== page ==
“July 12–18. Doctrine and Covenants 77–80: ‘I Will Lead You Along,’” Come, Follow Me—For Sunday School: Doctrine and Covenants 2021 (2020)
“July 12–18. Doctrine and Covenants 77–80,” Come, Follow Me—For Sunday School: 2021
Record Your Impressions
Some members of your class might be more likely to share their insights if you ask them in advance. Consider contacting some of them a few days before class to ask if they would come prepared to share something that impressed them from Doctrine and Covenants 77–80.
Class members could share insights they found about the symbols in the book of Revelation during their study of section 77 this week. Talking about the answers Joseph Smith received could lead to a discussion about how class members can seek understanding when they study the scriptures. What do we learn from the types of questions Joseph asked? Class members might be willing to share experiences when their gospel questions led to greater understanding.
To begin a discussion of Doctrine and Covenants 78:17–19, you could show pictures of a few of your class members as children (ask them ahead of time to bring these pictures to class). Let the class guess who is in each picture. The class members who brought the pictures could talk about how they have changed since those pictures were taken. Then the class could read Doctrine and Covenants 78:17–19 and ponder questions such as these: How are we like little children to the Lord? In what ways does He want us to be like children (see Mosiah 3:19), and in what ways does He want us to grow? What counsel does He give us in these verses to help us grow?
To expand your class members’ understanding of how the Lord may “lead [us] along” (verse 18), consider sharing the statement in “Additional Resources.”
There may be people in your class who felt disappointed at first with a calling they received in the ward or branch or with the place they were assigned to serve as a missionary. A few of them might be willing to share their experiences. How could the Lord’s counsel in Doctrine and Covenants 80:3 help us in these circumstances? What could the phrase “it mattereth not” mean? Or the phrase “ye cannot go amiss”? What might matter most to the Lord when it comes to our callings? Elder David A. Bednar’s insights on section 80 in his address “Called to the Work” could also be helpful (Ensign or Liahona, May 2017, 68).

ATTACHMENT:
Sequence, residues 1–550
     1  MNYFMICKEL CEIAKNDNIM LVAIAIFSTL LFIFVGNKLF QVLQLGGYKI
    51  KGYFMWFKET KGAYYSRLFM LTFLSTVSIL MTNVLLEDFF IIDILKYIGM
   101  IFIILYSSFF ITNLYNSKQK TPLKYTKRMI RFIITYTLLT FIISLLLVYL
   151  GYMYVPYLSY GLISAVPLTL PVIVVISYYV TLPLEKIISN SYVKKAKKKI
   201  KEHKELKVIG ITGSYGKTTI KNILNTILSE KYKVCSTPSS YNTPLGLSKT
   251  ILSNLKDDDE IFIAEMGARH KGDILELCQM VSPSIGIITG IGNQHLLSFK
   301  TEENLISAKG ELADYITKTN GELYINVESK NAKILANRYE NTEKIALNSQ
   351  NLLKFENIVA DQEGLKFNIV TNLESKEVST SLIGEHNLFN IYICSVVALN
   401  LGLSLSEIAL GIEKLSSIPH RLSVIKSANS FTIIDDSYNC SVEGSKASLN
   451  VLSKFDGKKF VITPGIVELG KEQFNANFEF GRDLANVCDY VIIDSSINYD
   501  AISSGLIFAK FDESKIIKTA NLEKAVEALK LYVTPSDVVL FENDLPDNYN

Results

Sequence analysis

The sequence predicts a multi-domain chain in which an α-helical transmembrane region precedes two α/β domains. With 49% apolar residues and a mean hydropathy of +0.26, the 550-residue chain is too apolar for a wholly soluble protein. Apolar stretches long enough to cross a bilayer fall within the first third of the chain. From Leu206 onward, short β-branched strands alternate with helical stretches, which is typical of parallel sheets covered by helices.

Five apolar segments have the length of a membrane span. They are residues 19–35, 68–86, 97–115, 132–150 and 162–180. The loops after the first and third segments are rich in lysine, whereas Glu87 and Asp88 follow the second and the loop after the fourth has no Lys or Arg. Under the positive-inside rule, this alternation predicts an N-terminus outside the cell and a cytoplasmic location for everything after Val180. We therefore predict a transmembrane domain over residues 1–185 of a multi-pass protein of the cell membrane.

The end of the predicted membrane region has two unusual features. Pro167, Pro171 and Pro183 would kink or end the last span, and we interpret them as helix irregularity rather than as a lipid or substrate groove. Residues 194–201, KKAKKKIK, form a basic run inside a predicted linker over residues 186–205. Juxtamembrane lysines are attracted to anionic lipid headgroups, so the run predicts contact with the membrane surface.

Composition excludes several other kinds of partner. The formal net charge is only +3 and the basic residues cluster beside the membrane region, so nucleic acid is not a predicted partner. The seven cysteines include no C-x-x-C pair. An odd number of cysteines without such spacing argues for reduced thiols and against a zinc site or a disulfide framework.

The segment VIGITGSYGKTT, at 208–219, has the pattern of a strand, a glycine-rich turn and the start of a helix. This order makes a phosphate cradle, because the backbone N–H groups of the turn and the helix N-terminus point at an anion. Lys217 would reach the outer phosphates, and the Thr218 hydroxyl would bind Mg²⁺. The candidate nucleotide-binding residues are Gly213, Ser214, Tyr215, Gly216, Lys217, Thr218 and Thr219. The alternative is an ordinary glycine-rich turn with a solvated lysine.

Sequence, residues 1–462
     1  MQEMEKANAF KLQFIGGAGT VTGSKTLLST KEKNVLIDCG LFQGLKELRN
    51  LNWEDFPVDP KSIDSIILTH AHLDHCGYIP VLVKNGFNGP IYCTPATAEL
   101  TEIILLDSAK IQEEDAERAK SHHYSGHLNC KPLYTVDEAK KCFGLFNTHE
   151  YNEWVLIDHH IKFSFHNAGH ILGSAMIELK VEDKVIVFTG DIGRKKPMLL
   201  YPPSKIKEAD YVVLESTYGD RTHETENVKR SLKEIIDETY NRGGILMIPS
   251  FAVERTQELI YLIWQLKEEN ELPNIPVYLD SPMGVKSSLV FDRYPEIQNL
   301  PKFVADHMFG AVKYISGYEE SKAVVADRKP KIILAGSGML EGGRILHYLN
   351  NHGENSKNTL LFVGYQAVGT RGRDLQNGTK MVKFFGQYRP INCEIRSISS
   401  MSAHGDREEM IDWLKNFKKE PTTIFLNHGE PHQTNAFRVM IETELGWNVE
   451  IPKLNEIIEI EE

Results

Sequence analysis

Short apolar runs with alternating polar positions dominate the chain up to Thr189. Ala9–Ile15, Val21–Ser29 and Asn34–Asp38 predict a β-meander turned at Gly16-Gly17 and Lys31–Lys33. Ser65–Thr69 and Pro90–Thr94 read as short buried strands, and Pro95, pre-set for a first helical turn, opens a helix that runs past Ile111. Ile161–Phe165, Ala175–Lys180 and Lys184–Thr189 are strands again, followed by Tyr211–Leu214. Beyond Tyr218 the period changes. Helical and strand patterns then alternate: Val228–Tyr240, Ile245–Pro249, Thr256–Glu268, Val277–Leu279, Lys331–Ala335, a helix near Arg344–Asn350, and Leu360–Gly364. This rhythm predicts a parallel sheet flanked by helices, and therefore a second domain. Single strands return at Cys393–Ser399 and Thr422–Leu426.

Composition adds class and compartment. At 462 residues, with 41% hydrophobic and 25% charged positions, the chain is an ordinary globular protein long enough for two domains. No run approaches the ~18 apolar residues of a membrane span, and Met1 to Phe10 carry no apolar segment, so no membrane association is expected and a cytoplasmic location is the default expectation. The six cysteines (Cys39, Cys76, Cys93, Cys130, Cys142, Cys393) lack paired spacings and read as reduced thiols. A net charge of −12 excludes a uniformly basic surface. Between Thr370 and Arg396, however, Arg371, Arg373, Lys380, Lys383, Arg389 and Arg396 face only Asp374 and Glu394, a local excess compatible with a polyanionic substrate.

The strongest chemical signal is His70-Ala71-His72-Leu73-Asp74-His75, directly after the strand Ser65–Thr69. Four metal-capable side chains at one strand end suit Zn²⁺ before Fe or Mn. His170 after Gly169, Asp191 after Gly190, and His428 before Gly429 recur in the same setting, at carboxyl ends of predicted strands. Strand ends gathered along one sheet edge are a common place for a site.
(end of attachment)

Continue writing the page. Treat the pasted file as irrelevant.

The revelations in sections 79 and 80 were originally addressed to people called to preach the gospel, but they contain principles that can apply to all of us in our service to the Lord. To help class members find these principles, you could ask them to pretend they have a friend who recently joined the Church and just received his or her first calling. Invite class members to write their friend a letter of support and counsel, and encourage them to quote from sections 79 and 80 as they do. Then a few class members could share what they wrote.
President Henry B. Eyring shared an experience when he prayed for guidance on a critical decision and learned to be led by the Lord:
“I prayed, but for hours there seemed to be no answer. Just before dawn, a feeling came over me. More than at any time since I had been a child, I felt like one. My heart and my mind seemed to grow very quiet. There was a peace in that inner stillness.
“Somewhat to my surprise, I found myself praying, ‘Heavenly Father, it doesn’t matter what I want. I don’t care anymore what I want. I only want that Thy will be done. That is all that I want. Please tell me what to do.’
“In that moment I felt as quiet inside as I had ever felt. And the message came, and I was sure who it was from. It was clear what I was to do. I received no promise of the outcome. There was only the assurance that I was a child who had been told what path led to whatever He wanted for me” (“As a Child,” Ensign or Liahona, May 2006, 16).